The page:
A shy, diminutive 16-year-old cricketer with curly locks made his Test debut for India in Karachi on Nov 15, 1989. It was a momentous year in world history with communist states fast withering away in Eastern Europe. But cricket experts had little doubt that the hugely talented Sachin Tendulkar’s arrival in the big ticket league was an equally defining moment for the game.
Twenty-two years and 122 days later, the 5′ 5” genius has almost all batting records under his belt. With 15,470 runs in 188 Test matches and 18,374 in 462 ODIs, Tendulkar holds the record for the maximum number of appearances and being the highest run-getter and century maker in both forms. He has turned out for India in six World Cups at a stretch, playing a big role in the title win in 2011 and the runners-up finish in 2003.
To cap it all, the Mumbaikar Friday became the first man in 135 years of international cricket to complete a century of hundreds – 51 in Tests and 49 in ODIs. In fact, the epoch-making three figure knock came against Bangladesh in Dhaka’s Mirpur a day after the 135th anniversary of the first ever Test match featuring England and Australia.
In a revelation that even the “god of cricket” has his human frailties, it took Tendulkar 370 days to get over an agonising century-less period after the 99th international hundred he got March 12 facing South Africa in Nagpur during the World Cup. It was, however, shorter than the 510 days he took to get to his second Test hundred after scoring his maiden three-figure knock, a match saving one, against England at Old Trafford August 14, 1990.
“It’s been a tough phase for meâ€¦ I was luckless. I was not thinking about the milestone, the media started all this, where ever I went, the restaurant, room service, everyone was talking about the 100th hundred. Nobody talked about my 99 hundreds,” a smiling Tendulkar said after his knock at Mirpur, the monkey off his back.
Tendulkar now lies seventh in the list of players with the longest careers in international (considering both Tests and One Day Internationals) cricket, and at 38 years and 327 days, he is the oldest Indian still playing the international variety of the game.
The historic milestone of a century of centuries was reached at Sher-e-Bangla National Cricket Stadium in the ODI as Tendulkar took a single by clipping Shakib al Hassan to square leg, triggering celebrations not only in his city Mumbai, but also across India and other parts of the cricket world left mesmerised by the stylish batsman all these years with his picture-perfect straight drives, power-packed hoikes over the square and a large battery of other elegant cricketing strokes.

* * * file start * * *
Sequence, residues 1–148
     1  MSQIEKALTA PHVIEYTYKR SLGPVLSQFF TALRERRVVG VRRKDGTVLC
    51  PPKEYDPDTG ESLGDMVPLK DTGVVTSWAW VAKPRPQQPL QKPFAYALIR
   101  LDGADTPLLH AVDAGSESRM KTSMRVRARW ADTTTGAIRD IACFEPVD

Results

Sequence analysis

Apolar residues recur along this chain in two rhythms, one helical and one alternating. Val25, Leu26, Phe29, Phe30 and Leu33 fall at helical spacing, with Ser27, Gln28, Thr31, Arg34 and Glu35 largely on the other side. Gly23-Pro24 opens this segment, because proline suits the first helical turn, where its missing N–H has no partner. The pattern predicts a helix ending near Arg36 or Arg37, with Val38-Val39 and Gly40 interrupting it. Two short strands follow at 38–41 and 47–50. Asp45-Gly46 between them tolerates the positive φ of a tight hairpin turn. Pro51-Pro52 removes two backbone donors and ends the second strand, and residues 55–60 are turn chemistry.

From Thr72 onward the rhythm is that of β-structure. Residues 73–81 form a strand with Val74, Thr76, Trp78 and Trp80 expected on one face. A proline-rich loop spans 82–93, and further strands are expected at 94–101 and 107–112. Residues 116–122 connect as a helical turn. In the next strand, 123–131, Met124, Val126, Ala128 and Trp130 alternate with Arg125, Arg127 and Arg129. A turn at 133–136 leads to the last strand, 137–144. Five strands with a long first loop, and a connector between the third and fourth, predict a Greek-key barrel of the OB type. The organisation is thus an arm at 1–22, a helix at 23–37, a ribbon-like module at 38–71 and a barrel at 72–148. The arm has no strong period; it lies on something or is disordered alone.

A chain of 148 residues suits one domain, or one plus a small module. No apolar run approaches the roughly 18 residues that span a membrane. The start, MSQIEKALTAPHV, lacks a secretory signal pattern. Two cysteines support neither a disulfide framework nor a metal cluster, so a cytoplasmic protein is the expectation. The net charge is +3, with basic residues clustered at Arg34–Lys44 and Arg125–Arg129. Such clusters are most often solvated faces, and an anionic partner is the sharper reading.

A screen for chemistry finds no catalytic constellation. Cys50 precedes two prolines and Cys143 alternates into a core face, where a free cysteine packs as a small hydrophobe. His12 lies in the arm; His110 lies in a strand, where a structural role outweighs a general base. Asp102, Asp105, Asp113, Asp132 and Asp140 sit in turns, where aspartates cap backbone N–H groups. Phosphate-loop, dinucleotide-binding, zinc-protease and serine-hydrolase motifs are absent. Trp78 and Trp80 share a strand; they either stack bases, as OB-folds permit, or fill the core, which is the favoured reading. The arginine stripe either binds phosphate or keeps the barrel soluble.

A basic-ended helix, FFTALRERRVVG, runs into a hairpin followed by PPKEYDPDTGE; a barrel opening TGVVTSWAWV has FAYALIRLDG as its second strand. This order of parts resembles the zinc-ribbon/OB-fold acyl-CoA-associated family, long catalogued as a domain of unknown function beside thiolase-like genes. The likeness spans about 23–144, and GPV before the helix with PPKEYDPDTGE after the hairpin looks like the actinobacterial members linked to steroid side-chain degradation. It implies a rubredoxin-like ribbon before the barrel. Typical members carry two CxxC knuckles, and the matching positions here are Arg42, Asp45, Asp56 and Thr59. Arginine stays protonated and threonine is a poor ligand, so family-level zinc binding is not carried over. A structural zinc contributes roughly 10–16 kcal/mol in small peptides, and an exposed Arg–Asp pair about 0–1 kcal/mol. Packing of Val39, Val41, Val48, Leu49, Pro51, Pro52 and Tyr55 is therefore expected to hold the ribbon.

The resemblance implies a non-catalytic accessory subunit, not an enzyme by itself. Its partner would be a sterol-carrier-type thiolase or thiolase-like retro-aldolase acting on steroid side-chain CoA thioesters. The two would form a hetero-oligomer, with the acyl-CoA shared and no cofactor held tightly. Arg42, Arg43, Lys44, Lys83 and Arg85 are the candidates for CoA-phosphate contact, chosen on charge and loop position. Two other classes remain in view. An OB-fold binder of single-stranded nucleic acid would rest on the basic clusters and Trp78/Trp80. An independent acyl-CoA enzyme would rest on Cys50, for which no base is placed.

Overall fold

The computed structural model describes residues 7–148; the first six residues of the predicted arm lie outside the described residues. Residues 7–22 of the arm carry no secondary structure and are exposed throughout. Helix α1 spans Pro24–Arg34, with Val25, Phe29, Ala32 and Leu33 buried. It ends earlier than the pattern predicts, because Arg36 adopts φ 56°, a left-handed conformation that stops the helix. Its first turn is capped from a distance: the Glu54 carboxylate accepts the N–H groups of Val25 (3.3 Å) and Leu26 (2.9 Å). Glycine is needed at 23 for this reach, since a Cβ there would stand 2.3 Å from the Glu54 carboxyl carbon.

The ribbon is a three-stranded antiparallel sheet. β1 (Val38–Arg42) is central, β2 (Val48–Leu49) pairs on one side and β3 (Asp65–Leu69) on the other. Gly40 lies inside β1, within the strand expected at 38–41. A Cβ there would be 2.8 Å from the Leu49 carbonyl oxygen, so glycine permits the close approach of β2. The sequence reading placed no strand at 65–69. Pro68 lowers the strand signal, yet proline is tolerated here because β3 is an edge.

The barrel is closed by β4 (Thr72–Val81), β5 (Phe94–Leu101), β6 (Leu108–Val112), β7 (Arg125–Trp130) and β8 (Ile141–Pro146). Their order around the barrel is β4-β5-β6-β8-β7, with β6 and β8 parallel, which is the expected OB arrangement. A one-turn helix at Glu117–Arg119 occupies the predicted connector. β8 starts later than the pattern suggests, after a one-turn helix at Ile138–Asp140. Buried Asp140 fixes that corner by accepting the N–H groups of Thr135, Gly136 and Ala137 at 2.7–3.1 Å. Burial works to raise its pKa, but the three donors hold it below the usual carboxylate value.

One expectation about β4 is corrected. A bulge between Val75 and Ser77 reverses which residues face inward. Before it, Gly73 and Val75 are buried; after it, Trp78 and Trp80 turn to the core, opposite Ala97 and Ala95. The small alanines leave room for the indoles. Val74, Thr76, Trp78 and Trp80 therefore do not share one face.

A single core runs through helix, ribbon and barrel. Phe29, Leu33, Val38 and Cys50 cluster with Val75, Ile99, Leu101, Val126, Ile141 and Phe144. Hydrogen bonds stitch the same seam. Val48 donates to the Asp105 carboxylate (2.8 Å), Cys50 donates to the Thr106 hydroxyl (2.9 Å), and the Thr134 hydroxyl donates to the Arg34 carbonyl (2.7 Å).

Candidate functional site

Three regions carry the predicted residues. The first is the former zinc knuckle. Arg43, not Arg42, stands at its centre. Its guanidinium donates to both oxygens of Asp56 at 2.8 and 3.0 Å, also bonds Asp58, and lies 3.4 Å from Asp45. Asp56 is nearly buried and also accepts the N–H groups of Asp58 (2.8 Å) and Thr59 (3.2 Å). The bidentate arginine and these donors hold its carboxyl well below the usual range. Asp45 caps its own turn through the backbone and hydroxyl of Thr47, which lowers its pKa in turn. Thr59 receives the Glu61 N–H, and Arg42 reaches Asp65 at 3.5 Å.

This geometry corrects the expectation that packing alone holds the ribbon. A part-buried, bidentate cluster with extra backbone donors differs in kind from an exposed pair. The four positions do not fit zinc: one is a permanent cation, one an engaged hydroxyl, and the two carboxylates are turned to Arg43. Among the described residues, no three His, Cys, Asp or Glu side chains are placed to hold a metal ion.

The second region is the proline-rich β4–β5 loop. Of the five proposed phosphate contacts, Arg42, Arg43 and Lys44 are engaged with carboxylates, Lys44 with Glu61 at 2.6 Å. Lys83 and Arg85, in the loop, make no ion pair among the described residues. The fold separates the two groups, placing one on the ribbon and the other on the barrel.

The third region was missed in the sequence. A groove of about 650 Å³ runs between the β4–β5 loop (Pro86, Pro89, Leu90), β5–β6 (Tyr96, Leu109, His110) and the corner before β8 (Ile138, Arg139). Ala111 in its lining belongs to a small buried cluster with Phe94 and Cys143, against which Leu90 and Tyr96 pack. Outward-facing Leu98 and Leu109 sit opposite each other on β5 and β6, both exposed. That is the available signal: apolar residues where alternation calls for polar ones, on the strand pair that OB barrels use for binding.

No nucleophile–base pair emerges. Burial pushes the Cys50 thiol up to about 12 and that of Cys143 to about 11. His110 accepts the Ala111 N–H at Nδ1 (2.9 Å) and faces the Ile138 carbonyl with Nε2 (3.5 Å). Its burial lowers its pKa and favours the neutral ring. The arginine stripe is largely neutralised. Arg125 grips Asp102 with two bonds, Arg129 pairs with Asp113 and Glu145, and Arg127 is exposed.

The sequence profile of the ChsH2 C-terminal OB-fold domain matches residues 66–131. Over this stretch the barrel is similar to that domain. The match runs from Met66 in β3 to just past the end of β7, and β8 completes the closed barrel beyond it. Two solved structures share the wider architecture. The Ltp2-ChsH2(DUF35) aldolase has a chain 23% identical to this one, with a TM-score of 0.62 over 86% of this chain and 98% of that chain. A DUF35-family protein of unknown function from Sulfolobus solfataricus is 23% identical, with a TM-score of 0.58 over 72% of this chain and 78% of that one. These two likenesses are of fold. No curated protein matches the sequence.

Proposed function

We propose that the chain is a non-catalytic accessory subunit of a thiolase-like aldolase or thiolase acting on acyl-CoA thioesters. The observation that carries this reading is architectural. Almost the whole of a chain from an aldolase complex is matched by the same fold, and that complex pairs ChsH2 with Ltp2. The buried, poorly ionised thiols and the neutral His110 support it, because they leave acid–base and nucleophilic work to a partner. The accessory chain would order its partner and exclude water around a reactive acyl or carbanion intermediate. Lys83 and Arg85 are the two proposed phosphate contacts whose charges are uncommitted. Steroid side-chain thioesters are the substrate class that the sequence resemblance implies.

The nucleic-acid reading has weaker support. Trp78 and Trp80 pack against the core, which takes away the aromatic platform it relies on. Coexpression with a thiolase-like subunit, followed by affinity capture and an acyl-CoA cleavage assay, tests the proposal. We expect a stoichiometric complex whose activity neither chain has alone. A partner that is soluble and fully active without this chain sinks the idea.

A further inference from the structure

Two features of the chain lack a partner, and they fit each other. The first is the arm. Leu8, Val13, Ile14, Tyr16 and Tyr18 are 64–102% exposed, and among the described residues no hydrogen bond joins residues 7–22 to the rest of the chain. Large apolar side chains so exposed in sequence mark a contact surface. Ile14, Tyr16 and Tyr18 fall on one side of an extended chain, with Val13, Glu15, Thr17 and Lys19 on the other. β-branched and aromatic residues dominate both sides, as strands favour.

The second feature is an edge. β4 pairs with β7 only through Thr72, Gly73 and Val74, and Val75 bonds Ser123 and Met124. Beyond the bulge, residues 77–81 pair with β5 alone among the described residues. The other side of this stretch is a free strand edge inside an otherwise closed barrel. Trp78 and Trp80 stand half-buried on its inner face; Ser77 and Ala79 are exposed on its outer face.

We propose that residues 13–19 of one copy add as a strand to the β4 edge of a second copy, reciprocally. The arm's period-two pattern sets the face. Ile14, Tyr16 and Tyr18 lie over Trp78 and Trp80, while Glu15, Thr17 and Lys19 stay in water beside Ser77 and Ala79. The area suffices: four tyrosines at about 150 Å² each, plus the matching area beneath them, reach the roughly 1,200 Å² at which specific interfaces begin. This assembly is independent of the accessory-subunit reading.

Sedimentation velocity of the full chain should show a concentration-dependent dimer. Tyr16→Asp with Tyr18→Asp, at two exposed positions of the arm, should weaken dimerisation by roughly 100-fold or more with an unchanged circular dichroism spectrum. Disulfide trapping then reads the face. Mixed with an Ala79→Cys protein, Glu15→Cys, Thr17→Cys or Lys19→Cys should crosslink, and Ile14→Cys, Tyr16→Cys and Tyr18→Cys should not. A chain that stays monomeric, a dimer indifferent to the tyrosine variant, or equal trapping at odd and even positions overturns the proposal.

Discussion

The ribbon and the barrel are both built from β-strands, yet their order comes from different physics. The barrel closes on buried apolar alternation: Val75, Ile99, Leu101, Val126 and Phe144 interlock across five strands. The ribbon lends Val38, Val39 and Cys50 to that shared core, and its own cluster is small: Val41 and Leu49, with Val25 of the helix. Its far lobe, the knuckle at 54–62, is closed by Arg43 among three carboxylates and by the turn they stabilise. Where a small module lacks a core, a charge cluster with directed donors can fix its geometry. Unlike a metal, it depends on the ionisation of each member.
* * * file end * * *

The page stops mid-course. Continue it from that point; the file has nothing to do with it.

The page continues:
Another hallmark of Tendulkar’s batting has been his fine ability to improvise and unleash unorthodox shots like the paddle sweep, which have helped him to churn out good scores consistently despite wear and tear of the muscles with age and constant pressure cooker situations that mark international cricket.
“It is hard to imagine any player in the history of the game who combines classical technique with raw aggression like the little champion does,” cricketing legend Sunll Gavaskar once said of Tendulkar.
Having carried the aspirations of millions of fans for over two decades, defying a number of injuries — including a career threatening tennis elbow — Tendulkar has emerged as one of the greatest icons the country has produced in all spheres of life.
Fans from Kashmir to Kanyakumari worship him, sponsors and endorsers stake their fortune on him confident of reaping rich dividends, and budding players know, who to look up to as role model.
On his part, Tendulkar has always steered clear of controversies on and off the field and played the gentleman’s game in its true spirit.
In Test cricket, sublime centuries have rained from his bat after he broke the jinx between his first and second hundred by reaching the landmark opposite Australia at Sydney on Jan 6, 1992.
Again in ODIs, he played 77 matches and almost five years without getting his maiden hundred. But experts never lost faith in him. Gavaskar commented that once he gets his first one, there will be no stopping him. Finally the big day that came Sept 9,1994, against Australia in Colombo.
Years later, the legendary Don Bradman – considered the greatest batsman of all times – asked his wife to take a look at the Indian as he felt Tendulkar played like him. It was Tendulkar’s technique, compactness, and shot production that endeared him most to the Aussie, according to Roland Perry, who authored the book “Don’s Best”.
An abiding image of Tendulkar would be a hundred he scored in the 1999 in the World Cup match at Bristol. Ramesh Tendulkar, a novelist and professor, who had deeply inculcated in his son the virtues of modesty and humility, died when India were in the midst of the Cup campaign.
Tendulkar flew home to attend to his father’s last rites, and returned to the tournament, beating the Kenyan bowlers into pulp scoring 140 of 101 balls, and dedicated his innings to his father. On completing the hundred, Tendulkar looked at the sky, praying for his father, and has done likewise after reaching every milestone of his glittering career since then.
Mentored in his early cricketing days by his elder brother Ajit, Tendulkar later honed his skills under celebrated coach Ramakant Achrekar.
The talent in him was visible in Tendulkar’s school days, and he partnered friend Vinod Kambli to an unbroken 664-run stand in a Lord Harris Shield international school game in 1988, making the cricketing circles to sit up and take notice.
The rest has been a fairy tale, and Tendulkar seem to be going on, forever.
- NRI Helpline
- Film Festival